In a separate study conducted by the World Resources Institute (WRI) in 2022, “compared to study participants who viewed a menu without a message, those who viewed the same menu with a sustainability message were more likely to select lower-carbon vegetarian meals. In fact, two of the messages (“small changes, big impact” and “joining a movement”) roughly doubled the percentage of vegetarian dishes that participants ordered. Moreover, they were more likely to order a vegetarian dish the next time they ate out.” For more information, see WRI’s Working Paper titled, “Environmental Messages Promote Plant-based Food Choices: An Online Restaurant Menu Study” (WRI, 2022):

Cool Food Meals and The Cool Food Pledge

The Cool Food Initiative, developed by the World Resources Institute (WRI) (, is committed to helping businesses and organizations cut the climate impact of the food they serve. The Cool Food Pledge helps an organization commit to and achieve a science-based target to reduce the climate impact of foods served. Cool Food Meals can help diners look for the Cool Food Meals badge when they shop or dine out. See below for the Cool Foods Meal badge (logo).

“The Cool Food Meals badge first launched on Panera Bread menus in the United States in October 2020. Fifty-five percent of Panera entrees are certified as Cool Food Meals.” See the diagram below of Panera’s Strawberry Poppyseed Salad with Chicken, which has been designated a Cool Food Meal.

“It’s been exciting to see just how well consumers have received the Cool Food Meals-labeled dishes on Panera’s app and in stores,” said Sara Burnett, Vice President, Food Beliefs, Sustainability and PR at Panera Bread. “Panera warmly embraces the new Cool Food Meal partners as we can now reach customers across new countries and access points, from restaurants to universities. With each new partner and Cool Food Meals choice, we unite to reduce the footprint of food in our fight against the climate crisis.”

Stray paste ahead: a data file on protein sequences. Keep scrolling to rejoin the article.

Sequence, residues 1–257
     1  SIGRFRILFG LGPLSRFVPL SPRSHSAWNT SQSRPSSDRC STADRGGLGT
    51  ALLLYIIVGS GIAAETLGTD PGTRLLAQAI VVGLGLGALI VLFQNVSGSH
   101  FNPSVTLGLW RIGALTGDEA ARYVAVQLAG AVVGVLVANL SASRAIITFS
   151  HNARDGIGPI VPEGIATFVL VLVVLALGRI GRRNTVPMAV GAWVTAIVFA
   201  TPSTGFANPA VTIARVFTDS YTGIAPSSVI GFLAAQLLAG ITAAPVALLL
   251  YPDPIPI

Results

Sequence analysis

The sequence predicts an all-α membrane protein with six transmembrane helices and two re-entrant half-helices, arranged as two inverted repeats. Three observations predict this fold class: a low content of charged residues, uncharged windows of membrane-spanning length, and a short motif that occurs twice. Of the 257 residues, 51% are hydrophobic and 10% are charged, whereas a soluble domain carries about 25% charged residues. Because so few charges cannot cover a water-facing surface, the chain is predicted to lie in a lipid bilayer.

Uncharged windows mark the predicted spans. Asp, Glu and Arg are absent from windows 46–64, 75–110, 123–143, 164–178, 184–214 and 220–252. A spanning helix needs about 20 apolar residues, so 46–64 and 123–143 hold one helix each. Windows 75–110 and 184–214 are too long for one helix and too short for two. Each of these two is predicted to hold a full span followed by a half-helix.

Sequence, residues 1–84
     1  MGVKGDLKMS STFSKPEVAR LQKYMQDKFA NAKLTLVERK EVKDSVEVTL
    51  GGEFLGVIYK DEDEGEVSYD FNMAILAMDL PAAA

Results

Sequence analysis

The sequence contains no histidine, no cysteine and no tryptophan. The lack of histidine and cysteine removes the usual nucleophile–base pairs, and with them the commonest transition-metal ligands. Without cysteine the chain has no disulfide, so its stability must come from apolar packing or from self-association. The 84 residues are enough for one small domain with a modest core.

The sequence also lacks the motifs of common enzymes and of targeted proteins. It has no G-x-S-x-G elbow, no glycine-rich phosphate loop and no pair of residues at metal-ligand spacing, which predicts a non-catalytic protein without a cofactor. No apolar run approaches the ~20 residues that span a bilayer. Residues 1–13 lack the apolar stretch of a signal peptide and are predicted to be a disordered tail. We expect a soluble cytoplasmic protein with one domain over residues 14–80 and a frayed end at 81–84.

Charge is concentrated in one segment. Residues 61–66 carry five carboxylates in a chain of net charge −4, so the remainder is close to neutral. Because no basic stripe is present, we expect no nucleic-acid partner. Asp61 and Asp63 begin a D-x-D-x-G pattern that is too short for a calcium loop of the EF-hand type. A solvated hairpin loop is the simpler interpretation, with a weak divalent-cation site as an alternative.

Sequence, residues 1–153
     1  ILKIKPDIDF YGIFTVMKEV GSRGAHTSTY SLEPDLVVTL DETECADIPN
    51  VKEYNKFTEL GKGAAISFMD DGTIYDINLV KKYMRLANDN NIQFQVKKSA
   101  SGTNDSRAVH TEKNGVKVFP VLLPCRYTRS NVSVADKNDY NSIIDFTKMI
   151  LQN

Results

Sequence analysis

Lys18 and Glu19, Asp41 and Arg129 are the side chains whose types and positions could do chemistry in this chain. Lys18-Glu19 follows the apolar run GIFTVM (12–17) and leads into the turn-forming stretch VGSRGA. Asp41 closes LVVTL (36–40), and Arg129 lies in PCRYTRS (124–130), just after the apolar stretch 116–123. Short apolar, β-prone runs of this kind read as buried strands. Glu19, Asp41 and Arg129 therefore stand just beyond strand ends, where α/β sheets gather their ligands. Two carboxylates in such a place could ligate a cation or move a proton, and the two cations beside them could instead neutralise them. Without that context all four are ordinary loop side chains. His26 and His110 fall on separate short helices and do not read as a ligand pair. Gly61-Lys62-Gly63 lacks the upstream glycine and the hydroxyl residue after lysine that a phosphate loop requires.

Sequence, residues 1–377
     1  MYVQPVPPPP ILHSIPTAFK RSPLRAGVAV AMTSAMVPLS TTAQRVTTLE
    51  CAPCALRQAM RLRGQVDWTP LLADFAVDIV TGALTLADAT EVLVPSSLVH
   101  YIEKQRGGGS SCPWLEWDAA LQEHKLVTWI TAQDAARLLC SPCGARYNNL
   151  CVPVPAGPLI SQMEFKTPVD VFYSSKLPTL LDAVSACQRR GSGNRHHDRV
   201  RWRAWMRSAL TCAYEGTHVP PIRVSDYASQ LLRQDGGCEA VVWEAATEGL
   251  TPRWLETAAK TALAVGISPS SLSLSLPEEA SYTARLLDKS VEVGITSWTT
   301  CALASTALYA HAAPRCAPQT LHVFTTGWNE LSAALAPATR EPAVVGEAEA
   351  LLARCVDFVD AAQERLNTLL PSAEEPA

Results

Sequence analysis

“Cool Food” is a ground-breaking initiative from World Resources Institute (WRI) that helps major food providers use cutting-edge environmental and behavioral science to scale healthy, climate-friendly meals that benefit people and the planet. Its members span food service companies, hotels, restaurants, hospitals, cities, and universities predominantly across Europe and North America, but also with locations in Latin America, Asia, and Australia.

“Through its Cool Food initiative, WRI also leads the Cool Food Pledge, which helps restaurants, hospitals, hotels, universities, and cities tap the latest behavioral science to cut emissions from the food they serve. Strategies range from changing menu layouts and using appetizing language to help consumers more often choose low-carbon options, to offering more plant-focused meals.”

“When food providers make even small changes to what they buy and serve, they can see sizeable reductions in their food-related GHG emissions,” said Edwina Hughes, Head of Cool Food at WRI. “We’ve now reached a point with our early adopters that we can see the scale of emissions reduction that’s possible when food providers commit to serving low carbon foods. The future of climate action really is happening on diners’ plates.” 

“Since its launch in 2019, Cool Food’s total membership has grown to include 63 organizations. In the past year alone, the size of the Cool Food movement more than doubled, showing the emphasis that more companies and food providers are placing on food as a key strategy to address the climate crisis.”